Higher Education Webinars
GenX Women in Higher Ed, Writing from Across the Globe
December 18, 2012 - 8:47pm
Thirty years ago, my family went to Disney World for the first time. I was five and my brother turned three while we were away on our trip. We stayed in Daytona Beach, visited Cape Canaveral, watched the Space Shuttle Columbia launch from our balcony, hung out at the beach, and made the aforementioned trip to Disney and the newly-opened Epcot Center.
December 16, 2012 - 9:11pm
I recently read for the first time a book that for many (most?) is a classic: Academic Tribes and Territories: Intellectual Enquiry and the Culture of Disciplines, in its revised edition (2001). I admit that the idea of an ethnography of academic disciplines and their internal codes is a bit narcissistic in the sense that it belongs to the genre of academics studying and writing about academia, but then so is this blog and all the writing about the theories of pedagogy and the analyses of higher education.
December 13, 2012 - 9:18pm
At a General Education course training, I was disconcerted by a colleague’s presentation which showed carefully selected personal notes from students, which she made them write at the end of every session. I was equally perturbed by other news that one of my younger colleagues has been cooking(!) in his Southeast Asian History class; and another opted for a study tour in place of a written final exam.
December 11, 2012 - 9:41pm
A few weeks ago, I graduated with my MA, and I’m now confronted with the question of “what next?”
December 9, 2012 - 9:19pm
The young woman is a brilliant researcher. We’ve bonded before over dinner and art. She introduced me to Japanese toilets. That changed my life. She wanted advice and perhaps too a little comfort. Like many of us, she had heeded the call from universities for scholars to demonstrate their value to society through engaged “public scholarship.”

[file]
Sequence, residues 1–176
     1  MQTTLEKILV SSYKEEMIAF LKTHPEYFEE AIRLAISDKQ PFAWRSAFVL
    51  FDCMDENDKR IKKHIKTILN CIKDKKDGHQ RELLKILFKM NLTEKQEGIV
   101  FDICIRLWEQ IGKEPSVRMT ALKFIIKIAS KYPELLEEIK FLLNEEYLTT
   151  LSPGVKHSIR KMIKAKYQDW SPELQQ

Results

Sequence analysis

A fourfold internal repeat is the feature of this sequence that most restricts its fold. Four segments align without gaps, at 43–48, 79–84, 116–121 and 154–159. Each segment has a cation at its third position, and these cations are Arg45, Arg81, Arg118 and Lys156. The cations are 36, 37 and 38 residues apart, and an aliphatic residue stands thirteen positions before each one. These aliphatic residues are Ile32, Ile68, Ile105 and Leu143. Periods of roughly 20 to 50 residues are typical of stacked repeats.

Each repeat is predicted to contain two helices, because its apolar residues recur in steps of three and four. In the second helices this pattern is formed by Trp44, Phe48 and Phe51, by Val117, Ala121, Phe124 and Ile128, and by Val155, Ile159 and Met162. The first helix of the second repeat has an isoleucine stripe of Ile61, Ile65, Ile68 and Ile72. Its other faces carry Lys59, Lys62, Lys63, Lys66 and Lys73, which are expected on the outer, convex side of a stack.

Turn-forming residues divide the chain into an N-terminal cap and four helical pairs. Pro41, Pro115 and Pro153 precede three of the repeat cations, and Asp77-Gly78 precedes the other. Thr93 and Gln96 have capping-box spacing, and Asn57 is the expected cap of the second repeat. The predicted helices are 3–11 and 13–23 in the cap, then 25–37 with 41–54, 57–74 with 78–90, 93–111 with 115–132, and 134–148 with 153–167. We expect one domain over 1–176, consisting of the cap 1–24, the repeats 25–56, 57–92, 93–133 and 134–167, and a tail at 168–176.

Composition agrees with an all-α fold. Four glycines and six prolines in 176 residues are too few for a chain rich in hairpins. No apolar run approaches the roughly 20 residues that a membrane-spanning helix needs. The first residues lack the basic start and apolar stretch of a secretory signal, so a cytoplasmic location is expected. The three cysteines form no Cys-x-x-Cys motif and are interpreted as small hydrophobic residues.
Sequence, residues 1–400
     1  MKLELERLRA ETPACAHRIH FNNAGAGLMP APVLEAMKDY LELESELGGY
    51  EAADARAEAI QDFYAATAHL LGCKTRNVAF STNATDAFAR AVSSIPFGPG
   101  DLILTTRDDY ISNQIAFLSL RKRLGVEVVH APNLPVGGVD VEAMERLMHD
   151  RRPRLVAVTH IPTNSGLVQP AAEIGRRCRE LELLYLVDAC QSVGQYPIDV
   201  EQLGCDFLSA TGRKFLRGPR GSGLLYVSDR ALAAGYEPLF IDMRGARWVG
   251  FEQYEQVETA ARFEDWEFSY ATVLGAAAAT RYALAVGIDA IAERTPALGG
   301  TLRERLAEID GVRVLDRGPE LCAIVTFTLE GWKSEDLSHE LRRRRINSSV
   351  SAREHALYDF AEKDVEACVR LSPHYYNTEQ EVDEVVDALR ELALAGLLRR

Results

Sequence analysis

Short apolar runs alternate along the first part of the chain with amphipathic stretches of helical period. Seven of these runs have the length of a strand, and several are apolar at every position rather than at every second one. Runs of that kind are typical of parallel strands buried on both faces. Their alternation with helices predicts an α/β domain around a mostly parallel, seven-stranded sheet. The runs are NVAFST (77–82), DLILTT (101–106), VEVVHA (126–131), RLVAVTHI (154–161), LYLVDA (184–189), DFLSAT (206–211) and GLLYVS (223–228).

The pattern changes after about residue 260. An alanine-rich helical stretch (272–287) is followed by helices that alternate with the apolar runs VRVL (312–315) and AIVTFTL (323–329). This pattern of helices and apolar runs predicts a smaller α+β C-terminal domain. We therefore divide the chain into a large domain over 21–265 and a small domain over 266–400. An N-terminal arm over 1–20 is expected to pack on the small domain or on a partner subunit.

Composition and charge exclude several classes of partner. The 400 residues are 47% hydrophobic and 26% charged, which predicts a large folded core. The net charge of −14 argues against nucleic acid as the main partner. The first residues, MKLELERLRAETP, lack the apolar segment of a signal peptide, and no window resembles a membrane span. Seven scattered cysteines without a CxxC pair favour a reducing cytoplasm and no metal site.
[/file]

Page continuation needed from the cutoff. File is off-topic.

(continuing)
December 6, 2012 - 8:21pm
As a researcher interested in the digital humanities and as a blogger, editor and academic blogging and social media workshop facilitator, I have observed different shades of digital literacy levels. I have witnessed it not between groups from different countries, disciplines or institutions, but within self-contained groups or communities that are often assumed to have the same skill sets or more or less similar degrees of access to infrastructure, financial means, education, and connectivity amongst others since these groups' members belong to the same organisation, faculty or department. That members of the same organisation should not be assumed to necessarily have the same digital skills or level of access to said skills, education or resources is precisely one of the motivations for this post.
December 4, 2012 - 10:00pm
One evening last month, I met up with a small group of young women, and went home feeling uplifted, happy and inspired. These are women I have known for many years, and they are more than dear to me. They are funny, smart, witty and adventurous. We have traveled together, had countless dinner parties together, gossiped, and learned together. The common bond between us (aside from a mutual affinity) is that I was once their professor and they were once my students.
December 2, 2012 - 9:20pm
I have a learning disability and it is something that is generally (almost never) spoken about. I have chosen to keep it a secret because I have had bad experiences growing up sharing this part of myself. A couple years ago, I thought I was ready to share this information and had even considered focusing my dissertation on students with learning disabilities in academia, but ended up not feeling ready.
November 27, 2012 - 9:39pm
If you’re in academia, chances are you’ve spent some time thinking about and discussing student writing. You may have found yourself enraged at something, or laughing out loud, running to share the hilarity with the nearest living being. Maybe you scribbled it down somewhere, or perhaps it seared itself into your brain and never needed to be written down.
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